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TIG Welding
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TIG Welding (GTAW or Gas Tungsten Arc) — Often called TIG welding (Tungsten Inert Gas), this welding process joins metals by heating them with a tungsten electrode which should not become part of the completed weld. Filler metal is sometimes used and argon inert gas or inert gas mixtures are used for shielding. Consumables: tungsten electrode, filler metal, shielding gas.

TIG welding, also called GTAW, uses a torch held by the welder to develop an arc. The power is supplied by a constant current power source. Unlike the MIG machine where the electrode is consumed in the puddle, the electrode is not consumed and filler metal is added by the operator. Current is then returned to the power source via the ground. Shielding gas is also supplied via the torch and it may or may not be controlled by the operator from the power source. While this process produces the highest quality welds, it also requires the highest skill level. It is also universal in terms of the material that can be joined. Recent developments have reduced the power requirements, the cost of the equipment and the size of the equipment. This has increased the popularity for a process that is over 50 years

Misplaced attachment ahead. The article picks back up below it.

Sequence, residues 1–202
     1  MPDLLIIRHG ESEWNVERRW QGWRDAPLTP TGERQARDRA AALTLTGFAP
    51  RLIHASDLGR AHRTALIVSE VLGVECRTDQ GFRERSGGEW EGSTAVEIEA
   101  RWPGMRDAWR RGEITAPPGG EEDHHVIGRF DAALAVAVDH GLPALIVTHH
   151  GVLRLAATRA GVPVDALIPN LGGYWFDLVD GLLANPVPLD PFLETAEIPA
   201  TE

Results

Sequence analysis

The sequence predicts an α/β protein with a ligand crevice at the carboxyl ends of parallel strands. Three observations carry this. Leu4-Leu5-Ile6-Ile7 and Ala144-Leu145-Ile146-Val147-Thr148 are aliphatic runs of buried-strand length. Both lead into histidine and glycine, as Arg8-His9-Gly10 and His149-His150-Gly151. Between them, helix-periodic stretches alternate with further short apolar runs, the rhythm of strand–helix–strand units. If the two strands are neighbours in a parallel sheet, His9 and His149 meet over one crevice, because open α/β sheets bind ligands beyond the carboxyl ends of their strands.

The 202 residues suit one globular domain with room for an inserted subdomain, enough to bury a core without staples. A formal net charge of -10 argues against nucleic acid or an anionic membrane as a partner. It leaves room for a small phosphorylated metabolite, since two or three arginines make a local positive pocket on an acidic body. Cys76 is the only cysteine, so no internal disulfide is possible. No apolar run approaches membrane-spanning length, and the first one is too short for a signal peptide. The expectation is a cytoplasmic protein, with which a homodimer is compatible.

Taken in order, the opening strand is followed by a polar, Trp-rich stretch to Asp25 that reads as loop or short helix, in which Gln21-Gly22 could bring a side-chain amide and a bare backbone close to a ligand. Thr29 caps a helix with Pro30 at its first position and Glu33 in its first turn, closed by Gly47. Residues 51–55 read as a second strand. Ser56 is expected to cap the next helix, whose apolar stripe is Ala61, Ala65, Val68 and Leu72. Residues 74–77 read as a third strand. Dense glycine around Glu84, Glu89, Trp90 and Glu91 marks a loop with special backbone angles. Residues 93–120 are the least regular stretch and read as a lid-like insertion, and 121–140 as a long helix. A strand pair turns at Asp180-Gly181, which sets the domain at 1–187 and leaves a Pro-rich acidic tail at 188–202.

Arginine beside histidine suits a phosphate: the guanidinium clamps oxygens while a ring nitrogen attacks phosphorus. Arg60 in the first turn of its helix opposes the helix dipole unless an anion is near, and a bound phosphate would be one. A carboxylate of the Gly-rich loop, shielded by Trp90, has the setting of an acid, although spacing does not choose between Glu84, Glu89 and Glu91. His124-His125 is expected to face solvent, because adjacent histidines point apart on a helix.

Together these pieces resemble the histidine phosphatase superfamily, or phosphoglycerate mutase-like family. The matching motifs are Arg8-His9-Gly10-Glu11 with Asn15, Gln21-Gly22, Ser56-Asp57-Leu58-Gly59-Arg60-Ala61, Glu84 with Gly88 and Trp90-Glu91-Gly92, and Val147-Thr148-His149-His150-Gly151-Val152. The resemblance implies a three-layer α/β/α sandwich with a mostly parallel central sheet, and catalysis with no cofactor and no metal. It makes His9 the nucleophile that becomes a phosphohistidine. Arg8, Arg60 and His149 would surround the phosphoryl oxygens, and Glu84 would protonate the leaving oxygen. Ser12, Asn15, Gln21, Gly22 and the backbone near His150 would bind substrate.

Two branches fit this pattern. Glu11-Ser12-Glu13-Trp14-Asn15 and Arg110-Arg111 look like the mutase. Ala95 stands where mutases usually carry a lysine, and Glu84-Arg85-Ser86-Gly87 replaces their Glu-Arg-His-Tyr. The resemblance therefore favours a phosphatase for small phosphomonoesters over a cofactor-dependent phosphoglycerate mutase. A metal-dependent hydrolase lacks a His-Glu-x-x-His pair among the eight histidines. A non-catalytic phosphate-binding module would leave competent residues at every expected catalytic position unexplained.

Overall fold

Tungsten — Rare metallic element with extremely high melting point (3410° C). Used in manufacturing TIG electrodes.

TIG Electrode Rods

TIG Electrode Rod Classification System

Arc Classification System: Minimum tensile and yield strengths, symbols and effects for chemical elements, AWS shielded metal arc covered electrode classification system.

ANSI Classifications: Tungsten electrode classification system.

TIG Torch and Tungsten Preparation

TIG Parameter Calculator: Courtesy of Miller Electric Mfg. Co www.millerwelds.com

Arc Welding Techniques: Recommended Tungsten Electrodes and Gas Cups for Various Welding Currents. Techniques for Manual Gas Tungsten Arc Welding.


TIG Welders
TIG Torches
TIG Torch Parts
TIG Torch Consumables
MIG and TIG Gloves